On this day in 1966, the Soviet Luna 9 spacecraft made the first successful soft landing on the Moon and, 7 hours later, transmitted its first images of the lunar surface back to Earth. The image above is the Luna 9 lander’s first view.
It was the very first time we had ever seen images taken from the surface of another world.
Launched from Baikonur Cosmodrome on Jan. 31, 1966, the 58-centimeter spheroid ALS capsule landed on the Moon at 18:45:30 UT on February 3, 1966 west of the Reiner and Marius craters in the Ocean of Storms (see the map below of lunar landing sites.) Luna 9 beat America’s Surveyor to the Moon by about four months. Its landing was harder than that of Surveyor, but good enough for its camera and radiation detector to survive and do their jobs.
Images were transmitted when solar illumination allowed, 7 hours later (technically Feb. 4 UT). The Soviet Union did not initially share their images with the rest of the world, but England scooped the Soviets by intercepting the radio signals carrying the first photo data and releasing a picture before the USSR produced its official version.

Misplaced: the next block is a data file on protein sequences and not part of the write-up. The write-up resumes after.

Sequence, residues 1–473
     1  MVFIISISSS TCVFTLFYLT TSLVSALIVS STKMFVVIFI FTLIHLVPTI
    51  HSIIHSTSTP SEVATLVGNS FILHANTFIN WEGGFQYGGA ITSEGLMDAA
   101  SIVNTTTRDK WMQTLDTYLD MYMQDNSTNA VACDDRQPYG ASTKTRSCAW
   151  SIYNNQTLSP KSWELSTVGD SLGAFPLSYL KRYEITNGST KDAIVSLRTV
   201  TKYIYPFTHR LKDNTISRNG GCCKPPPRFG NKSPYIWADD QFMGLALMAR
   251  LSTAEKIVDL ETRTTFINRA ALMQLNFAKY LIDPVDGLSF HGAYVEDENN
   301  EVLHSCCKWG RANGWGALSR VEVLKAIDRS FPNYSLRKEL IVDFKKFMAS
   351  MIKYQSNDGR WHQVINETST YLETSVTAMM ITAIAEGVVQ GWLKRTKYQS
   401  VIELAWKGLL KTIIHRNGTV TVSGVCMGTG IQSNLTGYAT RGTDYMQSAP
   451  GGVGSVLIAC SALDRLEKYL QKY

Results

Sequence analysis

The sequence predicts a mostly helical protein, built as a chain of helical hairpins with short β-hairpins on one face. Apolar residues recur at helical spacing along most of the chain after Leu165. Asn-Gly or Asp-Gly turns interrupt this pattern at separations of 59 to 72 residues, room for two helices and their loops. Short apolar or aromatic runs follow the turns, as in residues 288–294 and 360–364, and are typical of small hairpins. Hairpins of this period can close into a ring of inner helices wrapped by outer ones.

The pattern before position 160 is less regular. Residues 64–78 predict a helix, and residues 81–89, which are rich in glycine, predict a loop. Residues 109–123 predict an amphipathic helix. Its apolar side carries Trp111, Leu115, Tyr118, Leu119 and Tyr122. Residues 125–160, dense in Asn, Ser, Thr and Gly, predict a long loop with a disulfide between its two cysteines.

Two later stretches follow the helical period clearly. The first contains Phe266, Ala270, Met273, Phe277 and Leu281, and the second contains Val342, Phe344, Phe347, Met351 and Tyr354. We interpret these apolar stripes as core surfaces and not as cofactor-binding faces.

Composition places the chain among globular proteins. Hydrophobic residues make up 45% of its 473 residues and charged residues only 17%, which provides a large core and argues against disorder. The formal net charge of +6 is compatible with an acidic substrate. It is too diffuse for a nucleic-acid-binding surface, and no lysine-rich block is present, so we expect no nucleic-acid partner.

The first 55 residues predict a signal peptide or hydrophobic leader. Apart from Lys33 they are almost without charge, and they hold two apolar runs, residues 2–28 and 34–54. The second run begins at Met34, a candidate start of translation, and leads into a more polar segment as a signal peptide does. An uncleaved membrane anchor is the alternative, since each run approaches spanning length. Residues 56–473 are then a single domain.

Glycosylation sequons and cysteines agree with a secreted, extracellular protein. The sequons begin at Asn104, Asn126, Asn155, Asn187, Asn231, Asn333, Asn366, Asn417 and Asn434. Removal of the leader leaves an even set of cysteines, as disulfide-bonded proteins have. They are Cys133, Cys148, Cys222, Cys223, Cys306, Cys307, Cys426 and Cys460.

Luna 9 was the 12th attempt at a soft-landing by the Soviets.
Perhaps the most important discovery of the Luna 9 mission was determining that a foreign object would not simply sink into the lunar dust and that the surface of the Moon could support a heavy lander.
Last contact with the spacecraft was at 22:55 UT on February 6, 1966.
The Soviet Lunar program had 20 successful missions to the Moon and achieved a number of notable lunar “firsts”: first probe to impact the Moon, first flyby and image of the lunar farside, first soft landing, first lunar orbiter, and the first circumlunar probe to return to Earth. The two successful series of Soviet probes were the Luna (24 lunar missions) and the Zond (5 lunar missions). Read more about the Soviet lunar missions here.
Source & credits: NSSDC/NASA Solar System Exploration
Reblogged this on Spherical Chickens in a Vacuum.
Reblogged this on Laura Daltry's Imagination Blog.
Comments are closed.